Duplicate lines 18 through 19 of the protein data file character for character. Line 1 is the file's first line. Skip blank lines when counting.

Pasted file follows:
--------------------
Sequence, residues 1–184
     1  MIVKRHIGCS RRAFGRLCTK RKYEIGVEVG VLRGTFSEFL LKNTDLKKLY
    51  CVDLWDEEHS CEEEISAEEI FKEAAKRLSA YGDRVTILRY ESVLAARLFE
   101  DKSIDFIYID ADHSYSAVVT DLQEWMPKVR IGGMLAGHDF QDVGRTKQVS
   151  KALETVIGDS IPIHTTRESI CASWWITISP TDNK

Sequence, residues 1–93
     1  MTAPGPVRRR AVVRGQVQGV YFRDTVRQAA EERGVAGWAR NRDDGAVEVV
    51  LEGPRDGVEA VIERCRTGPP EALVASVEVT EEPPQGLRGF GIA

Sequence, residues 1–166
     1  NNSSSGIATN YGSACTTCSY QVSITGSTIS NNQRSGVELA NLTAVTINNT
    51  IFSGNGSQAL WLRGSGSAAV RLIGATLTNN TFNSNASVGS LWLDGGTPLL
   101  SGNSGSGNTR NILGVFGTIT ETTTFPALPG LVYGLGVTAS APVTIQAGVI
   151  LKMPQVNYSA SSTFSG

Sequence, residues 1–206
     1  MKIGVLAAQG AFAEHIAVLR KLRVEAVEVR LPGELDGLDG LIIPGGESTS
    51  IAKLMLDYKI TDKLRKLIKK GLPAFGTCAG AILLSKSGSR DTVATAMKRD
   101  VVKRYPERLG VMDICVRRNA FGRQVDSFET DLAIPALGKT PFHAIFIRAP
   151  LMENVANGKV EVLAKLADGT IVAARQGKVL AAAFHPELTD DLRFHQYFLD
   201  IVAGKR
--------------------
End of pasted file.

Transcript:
   151  LMENVANGKV EVLAKLADGT IVAARQGKVL AAAFHPELTD DLRFHQYFLD
   201  IVAGKR